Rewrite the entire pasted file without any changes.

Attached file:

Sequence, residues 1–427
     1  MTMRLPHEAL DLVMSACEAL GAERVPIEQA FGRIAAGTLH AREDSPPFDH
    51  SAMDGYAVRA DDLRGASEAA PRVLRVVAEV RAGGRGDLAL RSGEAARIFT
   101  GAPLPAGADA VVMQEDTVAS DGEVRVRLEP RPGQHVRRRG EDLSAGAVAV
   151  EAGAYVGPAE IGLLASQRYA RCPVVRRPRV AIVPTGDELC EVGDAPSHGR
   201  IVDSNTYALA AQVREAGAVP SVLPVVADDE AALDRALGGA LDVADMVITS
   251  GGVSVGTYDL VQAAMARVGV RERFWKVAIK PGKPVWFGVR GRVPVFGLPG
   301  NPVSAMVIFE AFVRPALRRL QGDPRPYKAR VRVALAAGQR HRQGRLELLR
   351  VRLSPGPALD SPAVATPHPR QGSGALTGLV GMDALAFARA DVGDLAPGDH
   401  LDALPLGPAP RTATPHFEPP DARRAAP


Sequence, residues 1–427
     1  MTMRLPHEAL DLVMSACEAL GAERVPIEQA FGRIAAGTLH AREDSPPFDH
    51  SAMDGYAVRA DDLRGASEAA PRVLRVVAEV RAGGRGDLAL RSGEAARIFT
   101  GAPLPAGADA VVMQEDTVAS DGEVRVRLEP RPGQHVRRRG EDLSAGAVAV
   151  EAGAYVGPAE IGLLASQRYA RCPVVRRPRV AIVPTGDELC EVGDAPSHGR
   201  IVDSNTYALA AQVREAGAVP SVLPVVADDE AALDRALGGA LDVADMVITS
   251  GGVSVGTYDL VQAAMARVGV RERFWKVAIK PGKPVWFGVR GRVPVFGLPG
   301  NPVSAMVIFE AFVRPALRRL QGDPRPYKAR VRVALAAGQR HRQGRLELLR
   351  VRLSPGPALD SPAVATPHPR QGSGALTGLV GMDALAFARA DVGDLAPGDH
   401  LDALPLGPAP RTATPHFEPP DARRAAP